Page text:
The review I bring you today is on Kindred, by Octavia E. Butler.
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I’m currently a member of a Goodreads group called #readwomen. You may recognise the title from the initiative I was a part of last December, where all books read were written by female authors. The person who had the idea for that, Manda, also created this bookclub. The March title was Kindred. I have to confess that I’ve had neither heard of this book or the author. But when the synopsis said it was the first science fiction novel written by a black women, I knew I had to read it!
It all starts with Dana, an african-american woman, celebrating her birthday in 1976’s California. Suddenly, she feels dizzy and, before she knows it, is transported to a river bank, where a little boy is drowning. This is the first time she goes back in time, where she constantly needs to save the life of her ancestor, who happens to be a slave holder.
I had no idea what to expect from this book since I had no previous knowledge of it. What I know is that I wasn’t expecting to like it so much. It’s by no means an easy book, but that what else would you expect from a book set in the antebellum times?
This is not a typical sci-fi book. There’s no advanced technology, no device that makes the time traveling possible. Because this isn’t about that! Time travelling is only there to provide a mean to tell a story about a modern black women having to deal with the oppression her race and gender had to go through. Butler herself didn’t like the sci-fi label!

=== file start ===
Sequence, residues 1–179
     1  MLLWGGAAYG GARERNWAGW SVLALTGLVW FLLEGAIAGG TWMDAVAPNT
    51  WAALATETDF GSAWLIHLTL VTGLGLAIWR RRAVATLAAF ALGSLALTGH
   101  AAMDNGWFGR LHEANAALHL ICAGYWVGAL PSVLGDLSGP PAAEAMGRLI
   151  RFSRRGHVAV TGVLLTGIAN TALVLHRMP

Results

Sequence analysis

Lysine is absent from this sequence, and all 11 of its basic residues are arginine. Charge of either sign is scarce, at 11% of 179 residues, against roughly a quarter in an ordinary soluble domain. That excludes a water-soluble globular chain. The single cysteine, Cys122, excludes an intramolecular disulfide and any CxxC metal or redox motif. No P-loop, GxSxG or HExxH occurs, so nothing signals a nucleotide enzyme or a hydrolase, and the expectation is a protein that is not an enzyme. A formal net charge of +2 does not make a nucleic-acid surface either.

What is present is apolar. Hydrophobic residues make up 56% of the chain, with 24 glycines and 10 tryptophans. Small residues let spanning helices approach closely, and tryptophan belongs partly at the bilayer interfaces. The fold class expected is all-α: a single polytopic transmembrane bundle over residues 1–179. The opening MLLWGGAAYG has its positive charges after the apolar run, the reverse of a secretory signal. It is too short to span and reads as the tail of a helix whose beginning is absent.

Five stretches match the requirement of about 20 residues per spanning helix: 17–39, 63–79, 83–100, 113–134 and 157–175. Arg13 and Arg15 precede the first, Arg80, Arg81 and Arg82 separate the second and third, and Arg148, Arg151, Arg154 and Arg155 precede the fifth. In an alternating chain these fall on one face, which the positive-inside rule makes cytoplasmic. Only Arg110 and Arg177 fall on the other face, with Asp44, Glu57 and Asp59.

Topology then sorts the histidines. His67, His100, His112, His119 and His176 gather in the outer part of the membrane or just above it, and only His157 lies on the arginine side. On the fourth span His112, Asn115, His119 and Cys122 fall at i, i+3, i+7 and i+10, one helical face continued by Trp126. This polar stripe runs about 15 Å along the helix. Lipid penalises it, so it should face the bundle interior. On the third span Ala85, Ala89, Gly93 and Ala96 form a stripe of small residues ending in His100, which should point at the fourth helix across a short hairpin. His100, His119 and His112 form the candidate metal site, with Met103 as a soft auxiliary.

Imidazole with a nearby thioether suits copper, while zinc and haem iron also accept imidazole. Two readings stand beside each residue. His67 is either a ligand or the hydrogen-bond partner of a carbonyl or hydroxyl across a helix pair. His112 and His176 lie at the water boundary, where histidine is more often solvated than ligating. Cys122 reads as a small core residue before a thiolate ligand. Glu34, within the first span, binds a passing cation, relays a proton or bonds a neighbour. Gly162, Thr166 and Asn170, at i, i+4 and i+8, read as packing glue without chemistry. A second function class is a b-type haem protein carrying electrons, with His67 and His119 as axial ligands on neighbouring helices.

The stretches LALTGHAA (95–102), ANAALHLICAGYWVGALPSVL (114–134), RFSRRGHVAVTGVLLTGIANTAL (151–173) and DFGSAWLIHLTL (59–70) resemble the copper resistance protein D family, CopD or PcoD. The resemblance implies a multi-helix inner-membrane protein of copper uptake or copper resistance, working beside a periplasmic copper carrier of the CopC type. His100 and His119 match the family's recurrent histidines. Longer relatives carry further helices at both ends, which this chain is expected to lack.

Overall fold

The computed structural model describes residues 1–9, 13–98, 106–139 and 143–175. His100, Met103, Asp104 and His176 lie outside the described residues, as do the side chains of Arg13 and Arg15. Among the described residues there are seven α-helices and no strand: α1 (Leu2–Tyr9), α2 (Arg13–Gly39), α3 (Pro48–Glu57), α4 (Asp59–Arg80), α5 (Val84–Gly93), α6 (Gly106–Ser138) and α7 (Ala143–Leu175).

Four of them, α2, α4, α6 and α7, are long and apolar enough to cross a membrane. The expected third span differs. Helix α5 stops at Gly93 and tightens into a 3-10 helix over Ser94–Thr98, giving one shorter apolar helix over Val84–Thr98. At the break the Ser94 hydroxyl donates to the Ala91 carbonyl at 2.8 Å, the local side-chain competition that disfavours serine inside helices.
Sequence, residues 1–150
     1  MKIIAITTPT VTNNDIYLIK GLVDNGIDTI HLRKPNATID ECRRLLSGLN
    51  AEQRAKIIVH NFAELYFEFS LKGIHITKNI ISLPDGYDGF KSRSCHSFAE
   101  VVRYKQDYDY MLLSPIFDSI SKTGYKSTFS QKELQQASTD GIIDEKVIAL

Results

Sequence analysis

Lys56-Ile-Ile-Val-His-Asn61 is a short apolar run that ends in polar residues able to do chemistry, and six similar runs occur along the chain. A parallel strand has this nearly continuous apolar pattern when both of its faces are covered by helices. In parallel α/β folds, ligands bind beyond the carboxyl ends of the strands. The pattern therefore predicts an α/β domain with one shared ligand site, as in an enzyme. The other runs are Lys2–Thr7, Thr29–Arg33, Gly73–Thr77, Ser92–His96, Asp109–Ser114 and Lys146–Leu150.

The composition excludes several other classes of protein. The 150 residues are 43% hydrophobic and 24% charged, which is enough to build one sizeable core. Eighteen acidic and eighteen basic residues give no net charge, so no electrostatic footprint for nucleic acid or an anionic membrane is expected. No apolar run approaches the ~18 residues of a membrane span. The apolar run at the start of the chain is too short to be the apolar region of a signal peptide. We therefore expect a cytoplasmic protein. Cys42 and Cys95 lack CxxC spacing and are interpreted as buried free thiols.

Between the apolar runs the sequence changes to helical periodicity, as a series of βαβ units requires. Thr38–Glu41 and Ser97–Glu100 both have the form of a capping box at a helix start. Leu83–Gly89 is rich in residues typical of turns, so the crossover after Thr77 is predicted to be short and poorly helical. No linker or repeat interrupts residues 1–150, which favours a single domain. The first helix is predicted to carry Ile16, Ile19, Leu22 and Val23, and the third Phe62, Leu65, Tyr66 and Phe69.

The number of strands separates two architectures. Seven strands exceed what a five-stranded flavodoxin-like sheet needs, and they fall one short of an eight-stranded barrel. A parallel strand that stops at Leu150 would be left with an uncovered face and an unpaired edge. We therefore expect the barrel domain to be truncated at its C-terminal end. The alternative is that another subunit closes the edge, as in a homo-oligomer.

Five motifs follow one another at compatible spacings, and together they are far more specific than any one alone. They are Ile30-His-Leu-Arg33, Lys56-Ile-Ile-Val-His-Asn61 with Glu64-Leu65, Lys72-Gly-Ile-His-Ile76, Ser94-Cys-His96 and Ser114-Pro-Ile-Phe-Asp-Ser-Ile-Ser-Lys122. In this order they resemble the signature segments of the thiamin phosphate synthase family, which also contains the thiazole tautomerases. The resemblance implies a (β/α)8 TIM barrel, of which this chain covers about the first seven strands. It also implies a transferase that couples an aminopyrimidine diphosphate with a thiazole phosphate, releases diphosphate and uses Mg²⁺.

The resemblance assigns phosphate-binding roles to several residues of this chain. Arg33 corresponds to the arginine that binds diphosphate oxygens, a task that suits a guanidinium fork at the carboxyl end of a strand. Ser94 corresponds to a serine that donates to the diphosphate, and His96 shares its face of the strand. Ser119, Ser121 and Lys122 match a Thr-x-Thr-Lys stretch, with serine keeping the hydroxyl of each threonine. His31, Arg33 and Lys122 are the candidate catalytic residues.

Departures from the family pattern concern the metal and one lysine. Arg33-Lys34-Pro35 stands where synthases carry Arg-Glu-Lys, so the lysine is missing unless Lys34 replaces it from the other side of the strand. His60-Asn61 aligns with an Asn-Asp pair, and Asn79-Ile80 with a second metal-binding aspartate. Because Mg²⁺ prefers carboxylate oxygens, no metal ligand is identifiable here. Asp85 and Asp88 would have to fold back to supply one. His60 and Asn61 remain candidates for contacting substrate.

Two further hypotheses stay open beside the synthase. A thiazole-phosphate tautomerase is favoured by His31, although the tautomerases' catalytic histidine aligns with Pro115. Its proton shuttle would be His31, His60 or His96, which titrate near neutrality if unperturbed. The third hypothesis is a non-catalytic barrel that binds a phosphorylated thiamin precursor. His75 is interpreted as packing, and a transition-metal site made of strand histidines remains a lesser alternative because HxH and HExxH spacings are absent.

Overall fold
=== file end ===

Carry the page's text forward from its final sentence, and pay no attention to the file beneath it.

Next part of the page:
As a portuguese white woman, I have no idea what it felt like to Dana to live through the things she had during the course of this novel. I’m sure that life still wasn’t perfect for a black women in 1976 (hell, it sure isn’t now) but going from that to slavery must be fucked up. Although, I couldn’t help but put myself in her shoes. I could perfectly understand her internal conflicts. Having to be a part of things you’re complexly against of just to survive must be terrible. And that was due mostly to Butler’s amazing writing. Her descriptions are so intense and incredibly well done, you actually feel every whip in the slave’s backs as they were your own.
What I though really interesting about this book was the way it portraits and develops white male characters, specially Rufus, Dana’s ancestor, and Kevin, her husband. It was very fascinating to understand how those times shaped what appeared to be an innocent boy into a mean ignorant man, and how they influenced a modern husband that isn’t used to be considered way superior than his partner.
The ending was my favourite part of this book. I loved how it reenforces the notion that there’s scars that won’t heal. How you cannot live through those times without having to leave a part of you behind. How somethings cannot and will not be forgotten when there’s still injustice in the world.
This is a very difficult book to talk about since it tackles so many terrible things. My heart was constantly hurt during the whole reading process. The notion of feeling superior to someone due to their race or gender is something completely unthinkable to me. It gives an interesting insight on American society and how it was founded on such absurd concepts. This is such a thought provoking read.
Although this isn’t the most enjoyable read in the world, I think I’ll be recommending it for a long time. It’s such an important book! I know my review makes no justice to it but it’s all due to many feelings and thoughts colliding in my brain and making it impossible to write something coherent! I think there’s things in life that you’ll love so much, you won’t ever be able to talk about them eloquently. This is one of those things. So, just go read this book, ok?
Here’s a quote I particularly enjoyed:
Like all good works of fiction, it lies like the truth.
If you guys have read this, share some thoughts with me!
See you soon,